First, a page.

Tuesday, July 23, 2013

Less Fog in Bellingham

I started a post that I titled "Fog Free Bellingham", but this morning let me down as Bellingham turned foggy after I woke up this morning.

GOES WEST at 8:00 this morning

As can readily be seen, the Pacific Ocean off our coast is foggy. With an onshore push of air the fog rolls in through the low gaps south of the Olympics, flows up the Columbia River and into the Strait of Juan de Fuca. This morning it partly filled into Puget Sound and had pushed up into the mountain valleys of the Cascades. By 11 this morning the fog was gone from all but the outer coast.

GOES WEST at 11:45 this morning

Yesterday the surge of fog was thicker and lingered longer, but Bellingham was fog free.

GOES WEST July 22, 2013, 12:00 pm

Cliff Mass had a nice write up on why the fog was so thick and wet last Saturday in Puget Sound, July 20, 2013 (cliffmass.blogspot). But Bellingham was mostly fog free Saturday. 

GOES WEST image via Cliff Mass

Both the Saturday image via Dr. Mass and the one I pulled up from Monday show Bellingham (my town) fog free. I left off labeling the images assuming the reader will know or can figure out where Bellingham is.

Bellingham being fog free in the summer is one of the peculiar micro climates of western Washington. The stratus clouds push in during the evening and night and filled in essentially the entire western Washington low land except Bellingham. This is commonly the case for Bellingham (but not this morning). While walking to work on Monday I could see the fog bank just to the west of town, but we were sunny all day while to the south the lowlands were in the gloom. 

I suspect Bellingham's less frequent fog has to do with the local topography. There is essentially a mountain range extending from the Cascades out into the San Juan Islands just south and west of Bellingham. The range is by no means a solid mountain front, and the peaks are modest in height compared to the Cascades and Olympics, but they are high enough to distrupt the low level air flow. And even when the fog does penetrate into Bellingham, Bellingham is on the edge of the fog with the nearby slopes fog free and thus the fog burns off in Bellingham sooner than cities to the south that are further distance from the fog edge.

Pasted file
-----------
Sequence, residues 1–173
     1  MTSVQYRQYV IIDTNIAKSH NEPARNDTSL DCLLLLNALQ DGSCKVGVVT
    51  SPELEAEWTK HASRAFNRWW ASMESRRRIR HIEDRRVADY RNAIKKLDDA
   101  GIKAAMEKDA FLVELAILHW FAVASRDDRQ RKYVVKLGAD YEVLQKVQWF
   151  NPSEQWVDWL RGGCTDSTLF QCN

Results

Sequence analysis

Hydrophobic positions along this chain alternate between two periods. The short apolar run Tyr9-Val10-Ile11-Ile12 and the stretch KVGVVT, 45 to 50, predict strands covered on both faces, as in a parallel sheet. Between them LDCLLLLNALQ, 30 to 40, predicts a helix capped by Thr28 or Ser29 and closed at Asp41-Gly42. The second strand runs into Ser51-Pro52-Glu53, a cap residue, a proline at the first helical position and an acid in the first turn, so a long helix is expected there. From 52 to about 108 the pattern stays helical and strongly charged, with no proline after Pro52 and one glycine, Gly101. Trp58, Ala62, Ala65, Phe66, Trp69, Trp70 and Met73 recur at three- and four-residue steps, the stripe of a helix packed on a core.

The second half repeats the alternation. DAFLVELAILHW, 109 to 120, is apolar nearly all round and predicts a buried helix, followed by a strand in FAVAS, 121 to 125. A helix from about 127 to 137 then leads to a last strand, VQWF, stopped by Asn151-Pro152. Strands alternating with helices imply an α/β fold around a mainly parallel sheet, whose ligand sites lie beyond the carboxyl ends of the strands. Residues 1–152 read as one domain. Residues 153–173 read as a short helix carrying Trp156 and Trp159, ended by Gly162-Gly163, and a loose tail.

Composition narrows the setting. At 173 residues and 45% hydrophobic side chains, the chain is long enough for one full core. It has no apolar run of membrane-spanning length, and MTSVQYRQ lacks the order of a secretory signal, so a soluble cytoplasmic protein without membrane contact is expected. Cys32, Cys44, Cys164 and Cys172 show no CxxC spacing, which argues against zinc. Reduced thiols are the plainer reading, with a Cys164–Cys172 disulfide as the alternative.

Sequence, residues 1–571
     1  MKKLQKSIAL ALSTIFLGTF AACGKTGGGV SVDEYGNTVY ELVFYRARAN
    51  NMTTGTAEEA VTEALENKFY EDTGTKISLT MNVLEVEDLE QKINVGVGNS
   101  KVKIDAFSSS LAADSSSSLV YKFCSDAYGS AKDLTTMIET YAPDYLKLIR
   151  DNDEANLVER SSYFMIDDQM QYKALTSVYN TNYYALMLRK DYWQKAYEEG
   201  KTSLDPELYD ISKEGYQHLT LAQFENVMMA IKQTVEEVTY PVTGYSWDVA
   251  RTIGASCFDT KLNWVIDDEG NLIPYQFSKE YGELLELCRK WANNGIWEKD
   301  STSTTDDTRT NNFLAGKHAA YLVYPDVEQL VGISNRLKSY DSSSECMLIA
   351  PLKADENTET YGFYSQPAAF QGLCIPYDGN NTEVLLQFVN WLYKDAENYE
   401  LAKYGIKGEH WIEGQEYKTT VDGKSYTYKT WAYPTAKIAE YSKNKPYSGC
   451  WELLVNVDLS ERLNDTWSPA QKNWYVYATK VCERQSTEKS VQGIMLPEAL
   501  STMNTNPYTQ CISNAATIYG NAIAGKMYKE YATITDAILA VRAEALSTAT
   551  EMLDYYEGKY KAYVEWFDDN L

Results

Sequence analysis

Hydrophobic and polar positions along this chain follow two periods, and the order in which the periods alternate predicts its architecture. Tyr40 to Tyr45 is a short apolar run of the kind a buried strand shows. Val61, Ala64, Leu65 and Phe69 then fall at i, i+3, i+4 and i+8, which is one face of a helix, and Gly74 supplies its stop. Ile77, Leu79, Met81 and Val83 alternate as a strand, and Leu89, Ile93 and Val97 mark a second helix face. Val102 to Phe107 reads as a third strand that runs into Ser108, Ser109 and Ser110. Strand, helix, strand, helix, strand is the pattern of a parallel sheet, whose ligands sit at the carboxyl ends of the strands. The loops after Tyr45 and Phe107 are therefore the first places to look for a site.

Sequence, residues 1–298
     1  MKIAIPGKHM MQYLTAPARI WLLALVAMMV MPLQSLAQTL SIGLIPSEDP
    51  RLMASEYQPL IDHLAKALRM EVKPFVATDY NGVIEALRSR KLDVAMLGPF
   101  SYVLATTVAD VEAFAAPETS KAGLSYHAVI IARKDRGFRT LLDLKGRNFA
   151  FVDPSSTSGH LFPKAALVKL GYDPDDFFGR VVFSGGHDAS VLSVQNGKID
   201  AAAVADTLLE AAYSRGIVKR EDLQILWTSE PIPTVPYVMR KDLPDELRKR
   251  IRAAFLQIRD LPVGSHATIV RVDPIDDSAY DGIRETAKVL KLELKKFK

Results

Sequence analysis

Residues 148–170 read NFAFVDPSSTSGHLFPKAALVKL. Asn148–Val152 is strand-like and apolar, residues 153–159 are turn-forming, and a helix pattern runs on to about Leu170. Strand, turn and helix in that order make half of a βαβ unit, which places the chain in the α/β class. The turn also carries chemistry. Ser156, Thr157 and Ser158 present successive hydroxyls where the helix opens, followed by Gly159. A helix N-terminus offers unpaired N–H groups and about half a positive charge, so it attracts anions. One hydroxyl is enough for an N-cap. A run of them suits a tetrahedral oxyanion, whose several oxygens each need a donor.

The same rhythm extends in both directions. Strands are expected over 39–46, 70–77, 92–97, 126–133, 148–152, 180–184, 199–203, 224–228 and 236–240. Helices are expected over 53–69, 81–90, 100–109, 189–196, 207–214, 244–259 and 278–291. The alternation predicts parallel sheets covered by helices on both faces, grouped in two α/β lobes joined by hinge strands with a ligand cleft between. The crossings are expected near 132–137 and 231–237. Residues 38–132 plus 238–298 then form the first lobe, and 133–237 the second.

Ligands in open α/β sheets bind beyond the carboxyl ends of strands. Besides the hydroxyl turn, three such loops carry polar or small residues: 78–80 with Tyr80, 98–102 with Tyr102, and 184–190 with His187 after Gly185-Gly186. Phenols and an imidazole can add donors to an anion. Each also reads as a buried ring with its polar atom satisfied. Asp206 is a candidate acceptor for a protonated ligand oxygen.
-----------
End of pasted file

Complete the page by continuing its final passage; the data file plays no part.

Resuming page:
I have not done a statistical analyses of this observation. But have experienced the difference often enough to be convinced. The fog issue is of some note to my work. I will sometimes fly to the San Juan Islands, and learned from experience to check the weather before heading to the airport as in the summer the airports in the San Juans will be fogged in while the sun shines in Bellingham. And even between downtown Bellingham and the airport (where the Bellingham weather station is located) there is often a fog bank as the airport is located out away from the Chuckanut Range that abuts the rest of Bellingham.

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